A father in St. Paul e-mailed mayoral candidate Pat Harris last week to tell him that at 1:15 a.m., a bullet flew through the window of his one-month-old daughter’s bedroom.

Gun violence in St. Paul is an epidemic, Harris said Monday as he laid out a five-point plan aimed at ending it. He proposed adding 50 police officers to the 599-person force, strengthening prosecution and increasing community outreach.

“It is indefensible, unconscionable and immoral for any parent of any child in any corner of St. Paul to live in fear,” he said.

Along with adding officers who reflect the city’s diversity, Harris said he plans to ask the city attorney to assign a “gun violence community prosecutor” to focus on the issue and would create a joint prosecution unit with Ramsey County.

Harris also plans to hire a community violence prevention coordinator, meet monthly with community members to ensure the city is investing properly in safety, and create a work group that would develop a plan on how best to respond to incidents.

For retired police Chief Thomas Smith, one piece of the plan stood out: Harris promised to show up within 24 hours at the scene of a violent death to talk with people about what they need to heal and ways to prevent such murders.

“It sends a strong message for him to say that,” said Smith, who was among the supporters who stood with Harris as he delivered his plan next to the Police Department’s eastern district station. Police union representatives and Council Member Dan Bostrom were also part of the group and said Harris, who has a background in finance, would be able to find money in the budget to bolster police ranks.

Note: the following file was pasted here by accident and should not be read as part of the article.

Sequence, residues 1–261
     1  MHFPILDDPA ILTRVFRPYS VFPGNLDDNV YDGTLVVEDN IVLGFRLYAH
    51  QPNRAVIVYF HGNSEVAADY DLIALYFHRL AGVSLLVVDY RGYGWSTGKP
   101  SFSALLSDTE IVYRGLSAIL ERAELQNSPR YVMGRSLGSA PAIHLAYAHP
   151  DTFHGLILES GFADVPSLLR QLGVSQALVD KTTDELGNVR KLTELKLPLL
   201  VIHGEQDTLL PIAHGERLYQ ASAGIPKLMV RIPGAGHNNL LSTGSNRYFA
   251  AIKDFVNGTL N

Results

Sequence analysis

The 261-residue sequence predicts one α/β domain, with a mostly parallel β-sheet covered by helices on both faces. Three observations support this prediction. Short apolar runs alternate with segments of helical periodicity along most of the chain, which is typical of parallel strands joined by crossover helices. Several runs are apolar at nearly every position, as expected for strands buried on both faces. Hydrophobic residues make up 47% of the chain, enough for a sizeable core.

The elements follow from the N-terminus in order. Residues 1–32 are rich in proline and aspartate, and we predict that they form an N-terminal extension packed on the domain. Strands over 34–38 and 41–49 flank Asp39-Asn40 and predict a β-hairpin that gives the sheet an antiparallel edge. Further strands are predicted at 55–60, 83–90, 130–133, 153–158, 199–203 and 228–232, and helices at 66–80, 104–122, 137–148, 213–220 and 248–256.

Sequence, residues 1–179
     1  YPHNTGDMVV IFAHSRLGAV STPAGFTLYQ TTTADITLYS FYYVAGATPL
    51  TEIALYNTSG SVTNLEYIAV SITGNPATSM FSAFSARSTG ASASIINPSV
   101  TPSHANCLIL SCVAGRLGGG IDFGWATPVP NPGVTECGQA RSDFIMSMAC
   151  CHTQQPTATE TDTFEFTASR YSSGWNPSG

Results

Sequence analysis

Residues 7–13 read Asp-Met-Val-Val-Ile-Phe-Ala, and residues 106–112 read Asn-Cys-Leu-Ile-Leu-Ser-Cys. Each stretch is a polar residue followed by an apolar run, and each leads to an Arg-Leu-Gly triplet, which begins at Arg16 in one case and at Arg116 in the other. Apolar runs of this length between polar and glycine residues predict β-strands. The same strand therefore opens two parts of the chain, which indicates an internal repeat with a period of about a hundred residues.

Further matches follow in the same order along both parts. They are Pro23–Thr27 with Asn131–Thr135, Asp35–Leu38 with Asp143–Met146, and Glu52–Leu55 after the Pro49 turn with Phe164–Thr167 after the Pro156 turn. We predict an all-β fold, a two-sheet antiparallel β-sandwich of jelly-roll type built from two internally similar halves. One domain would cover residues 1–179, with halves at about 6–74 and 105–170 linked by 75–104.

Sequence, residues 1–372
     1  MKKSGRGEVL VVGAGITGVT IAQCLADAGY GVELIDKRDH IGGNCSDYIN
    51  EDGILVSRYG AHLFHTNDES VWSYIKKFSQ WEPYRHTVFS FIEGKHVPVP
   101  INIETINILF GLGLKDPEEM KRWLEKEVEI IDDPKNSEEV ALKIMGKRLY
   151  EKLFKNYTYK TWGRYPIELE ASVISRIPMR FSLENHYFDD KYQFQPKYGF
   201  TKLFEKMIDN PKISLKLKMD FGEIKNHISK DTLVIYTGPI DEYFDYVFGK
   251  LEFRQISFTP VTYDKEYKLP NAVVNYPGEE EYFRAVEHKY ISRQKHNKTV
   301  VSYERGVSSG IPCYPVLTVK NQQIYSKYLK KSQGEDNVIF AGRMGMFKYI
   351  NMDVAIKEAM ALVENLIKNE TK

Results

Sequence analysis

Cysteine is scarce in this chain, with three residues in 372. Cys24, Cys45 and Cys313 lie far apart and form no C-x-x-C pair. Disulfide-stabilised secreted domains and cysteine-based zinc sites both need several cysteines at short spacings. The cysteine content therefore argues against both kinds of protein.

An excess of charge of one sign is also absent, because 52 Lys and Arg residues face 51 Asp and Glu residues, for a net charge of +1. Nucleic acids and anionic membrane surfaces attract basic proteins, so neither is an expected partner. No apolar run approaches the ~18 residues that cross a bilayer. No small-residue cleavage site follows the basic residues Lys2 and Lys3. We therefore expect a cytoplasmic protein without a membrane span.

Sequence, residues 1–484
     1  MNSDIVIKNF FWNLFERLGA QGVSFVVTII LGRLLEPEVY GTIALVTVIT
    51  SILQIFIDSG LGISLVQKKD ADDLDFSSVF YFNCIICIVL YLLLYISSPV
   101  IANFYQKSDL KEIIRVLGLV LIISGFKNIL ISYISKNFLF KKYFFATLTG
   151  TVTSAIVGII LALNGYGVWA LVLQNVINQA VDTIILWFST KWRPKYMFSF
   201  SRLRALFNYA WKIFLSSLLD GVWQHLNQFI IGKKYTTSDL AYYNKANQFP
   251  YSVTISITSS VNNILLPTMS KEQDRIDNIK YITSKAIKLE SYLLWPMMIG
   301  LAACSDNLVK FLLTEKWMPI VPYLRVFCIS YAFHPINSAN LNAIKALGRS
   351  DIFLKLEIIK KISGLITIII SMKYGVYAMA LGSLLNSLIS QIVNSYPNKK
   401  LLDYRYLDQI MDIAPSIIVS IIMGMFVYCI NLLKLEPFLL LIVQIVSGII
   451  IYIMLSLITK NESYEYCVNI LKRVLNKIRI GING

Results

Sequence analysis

The event came a week after one of Harris’s opponents, Melvin Carter, presented his police reform plan. It did not include adding more officers, though Carter said he would work with the community and police chief to determine the right number of police.

Carter’s campaign manager Emily Weber said in a statement Monday that Harris’ proposal is “more of the same old policies and practices.”

“We sell our city short when we make a simplistic and wrongheaded assumption that more cops equal more safety, without working to improve the public trust essential to making their work effective,” Weber said.

Another candidate, City Council Member Dai Thao, said he would add six to 10 officers a year. Both Harris and Thao expressed interest in ShotSpotter, technology Minneapolis uses that helps officers respond faster when shots are fired. But Thao said Monday the next mayor has to balance spending on police and addressing social issues.

“When people are hungry, when they don’t have places to live, when they are desperate, crime is not going to go away,” Thao said.